What Walker suggest for the Southern Baptists is a re imaging of Jesus. However, this re imaging will not produced the desired effect without the language (rhetoric) to promote this vision. This is something that I do not believe that Southern Baptists or the majority of orthodox Christians are ready to engage. While Walker's suggestion is a good one and worthy of practice, I further suggest that this sort of re branding and relabeling Jesus would be so problematic for the Southern Baptists and other Christians, that many more would leave the denomination than would join. In short, what this re imaging and reconstruction of Jesus calls for is a new vision supported by language and actions.

As I write this, I just came across a story of Ralph Reed, former leader of the Christian Coalition http://pewforum.org/news/display.php?NewsID=18283. In the article, Reed says that he and others are "quietly launching a group aimed at using the Web to mobilize a new generation of values voters." Called the "Faith and Freedom Coalition," the group will "reach out to Democratic-leaning constituencies, including Hispanics, blacks, young people, and women."

"This is not your daddy's Christian Coalition," Reed said in an interview Monday. "It's got to be more brown, more black, more female, and younger. It's critical that we open the door wide and let them know if they share our values and believe in the principles of faith and marriage and family, they're welcome."

Again, there is one problem with this--what are they going to say to people who are brown, black, female, and younger? What can they offer this demographic? As people concerned about "value voters" they could offer a faith that is more inclusive, more in touch with contextual realities, and for Christians, as Walker suggests, more focused on the biblical Jesus. However, as I suggest with many Christians, I suggest with the Faith and Freedom Coalition; they just are not ready to do such a thing.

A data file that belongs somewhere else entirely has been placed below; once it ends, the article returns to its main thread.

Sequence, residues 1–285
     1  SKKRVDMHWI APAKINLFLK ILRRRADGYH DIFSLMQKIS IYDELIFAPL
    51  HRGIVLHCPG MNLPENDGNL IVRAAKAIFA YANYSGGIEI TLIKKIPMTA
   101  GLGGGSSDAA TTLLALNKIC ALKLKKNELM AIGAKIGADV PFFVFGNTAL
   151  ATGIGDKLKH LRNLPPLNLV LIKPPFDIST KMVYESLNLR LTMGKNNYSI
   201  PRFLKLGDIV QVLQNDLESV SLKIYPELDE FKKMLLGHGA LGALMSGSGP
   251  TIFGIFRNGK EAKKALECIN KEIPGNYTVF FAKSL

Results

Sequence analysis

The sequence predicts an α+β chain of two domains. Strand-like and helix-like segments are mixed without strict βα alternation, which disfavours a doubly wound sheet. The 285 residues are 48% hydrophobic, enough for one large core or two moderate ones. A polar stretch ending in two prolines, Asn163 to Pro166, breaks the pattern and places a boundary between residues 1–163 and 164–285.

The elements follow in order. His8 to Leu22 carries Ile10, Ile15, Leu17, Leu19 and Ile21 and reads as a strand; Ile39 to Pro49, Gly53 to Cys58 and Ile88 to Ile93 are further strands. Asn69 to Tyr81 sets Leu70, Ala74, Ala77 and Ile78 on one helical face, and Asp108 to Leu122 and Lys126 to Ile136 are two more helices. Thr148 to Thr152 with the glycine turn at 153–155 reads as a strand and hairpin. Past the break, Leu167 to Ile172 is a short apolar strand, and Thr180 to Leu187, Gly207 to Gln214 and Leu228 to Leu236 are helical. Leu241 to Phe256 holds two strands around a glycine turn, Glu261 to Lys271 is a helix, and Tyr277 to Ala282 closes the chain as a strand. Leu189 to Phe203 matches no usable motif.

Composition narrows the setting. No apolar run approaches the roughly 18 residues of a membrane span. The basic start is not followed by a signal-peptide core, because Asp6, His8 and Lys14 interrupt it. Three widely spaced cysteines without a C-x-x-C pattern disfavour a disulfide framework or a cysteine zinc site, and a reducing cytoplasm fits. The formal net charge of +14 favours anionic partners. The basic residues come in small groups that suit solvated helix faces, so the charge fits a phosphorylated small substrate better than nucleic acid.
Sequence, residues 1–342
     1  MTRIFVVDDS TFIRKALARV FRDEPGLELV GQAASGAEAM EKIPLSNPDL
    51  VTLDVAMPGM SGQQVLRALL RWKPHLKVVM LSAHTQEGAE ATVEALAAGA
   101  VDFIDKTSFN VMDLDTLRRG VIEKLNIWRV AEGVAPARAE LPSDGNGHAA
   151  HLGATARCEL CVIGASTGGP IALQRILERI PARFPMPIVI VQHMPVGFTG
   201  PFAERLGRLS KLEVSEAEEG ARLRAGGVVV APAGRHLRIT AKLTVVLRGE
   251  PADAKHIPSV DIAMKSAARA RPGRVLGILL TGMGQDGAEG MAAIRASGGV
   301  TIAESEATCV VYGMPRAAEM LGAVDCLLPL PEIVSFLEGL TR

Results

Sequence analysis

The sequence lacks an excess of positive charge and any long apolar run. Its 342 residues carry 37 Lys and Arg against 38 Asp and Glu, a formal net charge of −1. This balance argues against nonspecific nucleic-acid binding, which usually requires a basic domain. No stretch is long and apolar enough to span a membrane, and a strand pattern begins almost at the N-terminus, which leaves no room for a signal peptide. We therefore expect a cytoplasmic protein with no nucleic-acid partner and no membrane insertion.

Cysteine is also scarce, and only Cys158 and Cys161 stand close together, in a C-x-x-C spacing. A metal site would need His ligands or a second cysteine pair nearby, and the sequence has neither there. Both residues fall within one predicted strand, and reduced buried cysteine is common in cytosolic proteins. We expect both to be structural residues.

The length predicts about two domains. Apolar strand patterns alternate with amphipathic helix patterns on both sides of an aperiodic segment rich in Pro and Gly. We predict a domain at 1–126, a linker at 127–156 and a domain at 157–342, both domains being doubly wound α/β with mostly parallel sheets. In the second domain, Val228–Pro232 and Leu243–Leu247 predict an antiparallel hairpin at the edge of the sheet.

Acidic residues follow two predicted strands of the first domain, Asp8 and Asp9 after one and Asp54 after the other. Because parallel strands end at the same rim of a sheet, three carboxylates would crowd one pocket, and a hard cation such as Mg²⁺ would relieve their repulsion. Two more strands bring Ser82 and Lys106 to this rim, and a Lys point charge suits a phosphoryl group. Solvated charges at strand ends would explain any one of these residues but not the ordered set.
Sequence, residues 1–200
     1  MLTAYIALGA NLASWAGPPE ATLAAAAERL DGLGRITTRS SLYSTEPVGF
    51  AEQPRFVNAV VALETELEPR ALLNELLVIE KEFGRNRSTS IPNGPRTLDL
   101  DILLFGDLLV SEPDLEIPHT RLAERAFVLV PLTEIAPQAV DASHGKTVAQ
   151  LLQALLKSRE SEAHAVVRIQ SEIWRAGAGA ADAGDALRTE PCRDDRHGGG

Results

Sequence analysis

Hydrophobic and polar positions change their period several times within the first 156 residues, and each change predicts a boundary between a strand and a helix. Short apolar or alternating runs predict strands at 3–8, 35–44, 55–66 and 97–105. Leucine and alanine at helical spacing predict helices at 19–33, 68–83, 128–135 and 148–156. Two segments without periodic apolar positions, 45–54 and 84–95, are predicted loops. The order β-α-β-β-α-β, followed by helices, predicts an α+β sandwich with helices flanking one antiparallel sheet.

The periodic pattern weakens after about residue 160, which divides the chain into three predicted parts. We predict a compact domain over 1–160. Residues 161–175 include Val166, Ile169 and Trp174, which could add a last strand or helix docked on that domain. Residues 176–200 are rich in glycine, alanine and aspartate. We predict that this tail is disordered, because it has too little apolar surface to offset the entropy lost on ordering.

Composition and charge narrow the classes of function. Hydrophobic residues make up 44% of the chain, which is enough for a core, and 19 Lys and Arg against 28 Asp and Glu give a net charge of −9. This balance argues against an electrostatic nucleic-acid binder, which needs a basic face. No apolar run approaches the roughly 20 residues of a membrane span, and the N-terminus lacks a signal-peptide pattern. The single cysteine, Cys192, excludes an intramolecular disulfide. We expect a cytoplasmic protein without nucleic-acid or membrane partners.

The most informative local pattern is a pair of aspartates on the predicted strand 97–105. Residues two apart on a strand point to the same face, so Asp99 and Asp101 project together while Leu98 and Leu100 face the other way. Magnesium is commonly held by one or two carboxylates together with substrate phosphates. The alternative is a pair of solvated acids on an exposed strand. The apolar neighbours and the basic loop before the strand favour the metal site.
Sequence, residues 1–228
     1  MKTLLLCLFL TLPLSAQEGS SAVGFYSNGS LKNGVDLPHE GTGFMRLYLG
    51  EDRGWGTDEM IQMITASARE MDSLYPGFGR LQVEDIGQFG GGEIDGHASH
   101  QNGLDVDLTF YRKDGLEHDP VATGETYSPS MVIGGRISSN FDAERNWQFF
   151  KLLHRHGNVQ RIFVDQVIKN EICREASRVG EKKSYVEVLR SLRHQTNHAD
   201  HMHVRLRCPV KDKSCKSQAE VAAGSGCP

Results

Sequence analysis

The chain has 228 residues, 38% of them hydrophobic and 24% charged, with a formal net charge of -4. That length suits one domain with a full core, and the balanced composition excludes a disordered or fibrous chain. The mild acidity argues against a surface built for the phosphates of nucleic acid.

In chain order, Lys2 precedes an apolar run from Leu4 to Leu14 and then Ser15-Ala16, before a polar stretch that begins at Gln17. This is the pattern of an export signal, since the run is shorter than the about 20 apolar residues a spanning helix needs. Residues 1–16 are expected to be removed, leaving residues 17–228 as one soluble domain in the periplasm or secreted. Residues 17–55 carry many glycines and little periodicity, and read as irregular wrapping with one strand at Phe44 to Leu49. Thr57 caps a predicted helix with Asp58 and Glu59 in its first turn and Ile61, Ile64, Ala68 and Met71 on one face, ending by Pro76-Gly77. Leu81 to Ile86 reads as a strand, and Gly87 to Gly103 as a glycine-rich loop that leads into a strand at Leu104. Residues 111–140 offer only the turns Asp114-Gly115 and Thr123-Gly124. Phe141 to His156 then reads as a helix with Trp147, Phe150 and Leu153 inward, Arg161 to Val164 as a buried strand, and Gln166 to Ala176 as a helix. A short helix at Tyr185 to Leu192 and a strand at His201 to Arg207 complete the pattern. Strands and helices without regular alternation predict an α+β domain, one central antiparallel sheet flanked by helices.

Wednesday, June 3, 2009

When Religion Attacks

It has been a while since my last post, but I have been reflecting over the death of Dr. George Tiller at the hands of Scott Roeder. While many see this as a political issue that will be politicize in the upcoming mid-tern elections, I see it as another example of why how we talk about and see God and religion is paramount in constructing our worldview. There is no doubt that Roeder's actions had much to do with (some would argue all) his construction of God and what he believed his faith demanded from him. In short, Roeder, while believing God frowned upon abortions, his God apparently did not frowned upon him killing the person who he rationed was killing babies. While he and others who pathetically tried to come to his defense with a "chicken coming home to roost argument," would argue that he was justified in his actions, his performance also demonstrates something else. The God that Roeder serves is not against murder as he and many others would claim, God is against abortion.

In addition, the God that Roeder serves also allows him to make judgments about who is in and who is out; or to put it into religious terms; who is righteous and who is not. Therefore, Roeder and those of his ilk are commanded; indeed called to act (perform) as judge, jury, and as we saw this week, executioner against the unrighteous.

This is important to understand because this type of religious thinking has lead to slavery, subjugation of women and children, unjust and unfair criticism against GLBT people and as we now know, started wars. While many in the United States associate this type of religion with the Muslim faith, in actuality, it is found in all religions. Commonly called fundamentalism, it is the belief in narrow set of abstract principles and ideas that govern all of life. People who practice a fundamentalist religious ideology are grounded in the belief that God only speaks with and through them and that if one does not follow the ways prescribed, then they are labeled as unrighteous and deserve what ever happens to them.

What is inherently flawed in fundamentalism is that it adherents always have the puzzle solved. In other words, there is no need for discerning; no needed to ask the "why" questions, no needed for reflection; no needed to listen to the Spirit or see the signs of the times, everything is always worked out; context and situations are not important. I suggest that this is not a authentic way to view, speak, or to practice religion. There is always room for the Spirit and always room for growth. Grounded in fundamentalism, adherents stifled their own growth, unable to understand what the Spirit is saying and blind to the signs of the times.